In many rural parts of the world, there are few, if any, choices when it comes to broadband providers. The issue for many broadband firms is that the layout to run the needed cabling to serve rural communities can’t always be offset by the number of subscribers that the company might gain. AT&T has a new system that it is in the process of developing that could change this and bring broadband to any location that is served by power lines called AirGig.
AT&T says that AirGig could one day deliver cheap, multi-gigabit wireless internet speeds using power lines. Right now AT&T says that it is deep in the experimentation phase and that the new tech is much easier to deploy than fiber. It operates on the license-free spectrum and can deliver ultra-fast connectivity to home and wireless devices. The first field trials are expected to kick off in 2017.
AT&T is currently experimenting with multiple ways to send modulated radio signals around or near medium-voltage power lines. The system needs no direct electrical connection to the power line and has the potential to deliver multi-gigabit speeds to urban, rural, and underserved parts of the world. The system is designed to deliver last-mile access without any new fiber to the home needed.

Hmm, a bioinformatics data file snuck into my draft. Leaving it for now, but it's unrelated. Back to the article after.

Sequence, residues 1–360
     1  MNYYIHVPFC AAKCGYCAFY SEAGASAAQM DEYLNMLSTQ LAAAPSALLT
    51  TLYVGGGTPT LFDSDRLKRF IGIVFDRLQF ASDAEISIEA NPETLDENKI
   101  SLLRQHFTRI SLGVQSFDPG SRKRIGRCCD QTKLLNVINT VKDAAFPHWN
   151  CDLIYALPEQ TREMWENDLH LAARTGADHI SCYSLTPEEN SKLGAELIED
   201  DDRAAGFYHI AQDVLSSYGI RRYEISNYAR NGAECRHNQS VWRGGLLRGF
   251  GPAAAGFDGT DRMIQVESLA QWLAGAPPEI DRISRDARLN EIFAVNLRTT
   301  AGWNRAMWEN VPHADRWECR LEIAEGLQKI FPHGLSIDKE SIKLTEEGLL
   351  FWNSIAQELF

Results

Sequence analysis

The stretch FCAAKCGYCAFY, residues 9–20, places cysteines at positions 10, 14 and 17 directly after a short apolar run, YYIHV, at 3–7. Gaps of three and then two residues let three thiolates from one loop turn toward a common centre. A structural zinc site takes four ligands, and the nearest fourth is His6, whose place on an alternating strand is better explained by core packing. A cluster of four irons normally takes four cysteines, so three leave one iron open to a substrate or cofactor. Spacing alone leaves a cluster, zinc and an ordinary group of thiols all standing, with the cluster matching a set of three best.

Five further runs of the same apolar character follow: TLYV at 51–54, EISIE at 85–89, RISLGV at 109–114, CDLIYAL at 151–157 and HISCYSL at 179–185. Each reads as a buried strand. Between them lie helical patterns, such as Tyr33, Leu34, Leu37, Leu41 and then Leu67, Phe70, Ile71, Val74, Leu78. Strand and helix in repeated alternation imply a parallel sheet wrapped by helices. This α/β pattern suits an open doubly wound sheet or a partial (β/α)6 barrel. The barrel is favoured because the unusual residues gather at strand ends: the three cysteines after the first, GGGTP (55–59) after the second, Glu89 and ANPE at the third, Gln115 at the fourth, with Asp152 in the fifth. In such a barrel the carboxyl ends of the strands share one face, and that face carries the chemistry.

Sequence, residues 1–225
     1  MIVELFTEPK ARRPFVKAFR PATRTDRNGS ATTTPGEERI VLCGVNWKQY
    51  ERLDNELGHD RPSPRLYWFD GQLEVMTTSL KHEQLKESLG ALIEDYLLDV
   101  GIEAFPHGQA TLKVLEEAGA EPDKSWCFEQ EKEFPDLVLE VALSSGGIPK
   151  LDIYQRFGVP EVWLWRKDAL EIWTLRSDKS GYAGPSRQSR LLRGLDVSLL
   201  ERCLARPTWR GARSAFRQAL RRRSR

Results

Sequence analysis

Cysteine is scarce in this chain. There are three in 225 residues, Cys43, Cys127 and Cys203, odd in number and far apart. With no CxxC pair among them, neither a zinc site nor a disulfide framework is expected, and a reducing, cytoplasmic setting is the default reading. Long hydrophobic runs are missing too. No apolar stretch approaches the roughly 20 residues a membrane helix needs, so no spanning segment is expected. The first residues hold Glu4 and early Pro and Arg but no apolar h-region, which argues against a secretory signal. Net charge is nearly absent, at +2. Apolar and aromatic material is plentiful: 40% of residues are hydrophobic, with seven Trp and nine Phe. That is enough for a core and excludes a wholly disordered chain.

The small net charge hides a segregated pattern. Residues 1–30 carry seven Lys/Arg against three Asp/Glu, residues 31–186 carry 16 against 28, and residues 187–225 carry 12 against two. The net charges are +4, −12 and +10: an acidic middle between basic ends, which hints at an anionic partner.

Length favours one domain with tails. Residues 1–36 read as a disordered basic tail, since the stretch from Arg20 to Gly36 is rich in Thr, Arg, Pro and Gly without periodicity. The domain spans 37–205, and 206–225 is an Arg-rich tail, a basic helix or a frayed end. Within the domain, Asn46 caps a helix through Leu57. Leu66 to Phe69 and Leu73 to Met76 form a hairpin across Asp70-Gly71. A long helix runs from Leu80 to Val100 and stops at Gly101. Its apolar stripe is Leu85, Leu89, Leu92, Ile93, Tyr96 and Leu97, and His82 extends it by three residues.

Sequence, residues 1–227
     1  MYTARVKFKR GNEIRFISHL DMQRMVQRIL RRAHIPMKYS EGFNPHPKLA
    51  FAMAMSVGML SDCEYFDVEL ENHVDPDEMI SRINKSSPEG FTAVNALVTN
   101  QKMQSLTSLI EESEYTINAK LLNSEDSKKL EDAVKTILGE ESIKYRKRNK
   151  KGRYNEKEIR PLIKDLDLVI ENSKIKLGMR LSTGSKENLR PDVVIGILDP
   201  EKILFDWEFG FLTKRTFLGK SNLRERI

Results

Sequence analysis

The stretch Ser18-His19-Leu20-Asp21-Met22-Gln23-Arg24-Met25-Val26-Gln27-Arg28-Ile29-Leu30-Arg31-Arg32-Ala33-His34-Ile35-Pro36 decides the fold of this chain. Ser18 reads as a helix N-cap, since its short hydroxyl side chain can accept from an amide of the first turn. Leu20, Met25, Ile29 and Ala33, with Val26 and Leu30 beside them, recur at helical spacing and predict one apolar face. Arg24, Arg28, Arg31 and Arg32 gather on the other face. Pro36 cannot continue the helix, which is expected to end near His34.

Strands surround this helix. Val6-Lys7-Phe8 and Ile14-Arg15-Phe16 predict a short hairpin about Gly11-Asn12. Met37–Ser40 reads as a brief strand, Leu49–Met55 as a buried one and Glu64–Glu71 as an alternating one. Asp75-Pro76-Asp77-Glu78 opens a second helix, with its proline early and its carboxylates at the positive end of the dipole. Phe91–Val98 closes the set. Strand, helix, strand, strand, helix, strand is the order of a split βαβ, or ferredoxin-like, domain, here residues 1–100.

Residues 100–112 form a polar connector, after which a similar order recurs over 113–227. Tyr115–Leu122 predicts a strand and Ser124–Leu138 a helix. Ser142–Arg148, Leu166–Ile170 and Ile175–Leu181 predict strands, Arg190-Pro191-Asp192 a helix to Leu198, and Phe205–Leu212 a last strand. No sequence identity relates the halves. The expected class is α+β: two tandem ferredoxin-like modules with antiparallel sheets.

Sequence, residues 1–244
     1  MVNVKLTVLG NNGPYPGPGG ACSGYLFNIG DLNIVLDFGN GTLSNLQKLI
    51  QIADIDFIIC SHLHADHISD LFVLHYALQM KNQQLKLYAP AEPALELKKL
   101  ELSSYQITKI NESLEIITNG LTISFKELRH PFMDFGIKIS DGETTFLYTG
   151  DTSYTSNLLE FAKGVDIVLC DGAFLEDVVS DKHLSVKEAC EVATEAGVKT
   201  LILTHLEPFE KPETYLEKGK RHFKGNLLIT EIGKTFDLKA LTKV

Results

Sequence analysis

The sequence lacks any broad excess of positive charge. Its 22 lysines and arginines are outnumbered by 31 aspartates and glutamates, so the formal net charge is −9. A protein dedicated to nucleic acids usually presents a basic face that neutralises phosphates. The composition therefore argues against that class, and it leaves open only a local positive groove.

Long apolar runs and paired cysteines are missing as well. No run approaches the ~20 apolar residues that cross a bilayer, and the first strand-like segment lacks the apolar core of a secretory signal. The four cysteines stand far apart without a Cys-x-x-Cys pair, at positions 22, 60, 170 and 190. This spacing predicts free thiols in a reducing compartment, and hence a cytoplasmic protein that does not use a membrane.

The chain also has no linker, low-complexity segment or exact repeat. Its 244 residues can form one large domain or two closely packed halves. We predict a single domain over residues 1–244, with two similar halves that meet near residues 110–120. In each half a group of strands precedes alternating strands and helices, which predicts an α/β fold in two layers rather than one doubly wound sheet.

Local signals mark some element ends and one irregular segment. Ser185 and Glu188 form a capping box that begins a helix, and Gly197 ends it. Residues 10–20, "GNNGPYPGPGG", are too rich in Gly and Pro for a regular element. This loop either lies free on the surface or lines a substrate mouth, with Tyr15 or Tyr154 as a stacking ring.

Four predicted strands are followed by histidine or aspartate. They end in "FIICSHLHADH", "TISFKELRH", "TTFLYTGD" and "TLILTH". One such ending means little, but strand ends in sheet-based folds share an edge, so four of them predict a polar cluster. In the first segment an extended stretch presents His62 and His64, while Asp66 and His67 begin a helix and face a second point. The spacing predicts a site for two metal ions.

No new towers would have to be built with this system and no cables would need to be buried in the ground. Project AirGig has seen the development of low-cost plastic antennas and devices along the power line to regenerate millimeter wave signals that can be used for 4G LTE and 5G multi-gigabit mobile and fixed deployments.
“Project AirGig has tremendous potential to transform internet access globally – well beyond our current broadband footprint and not just in the United States,” said John Donovan, chief strategy officer and group president, Technology and Operations, AT&T. “The results we’ve seen from our outdoor labs testing have been encouraging, especially as you think about where we’re heading in a 5G world. To that end, we’re looking at the right global location to trial this new technology next year.”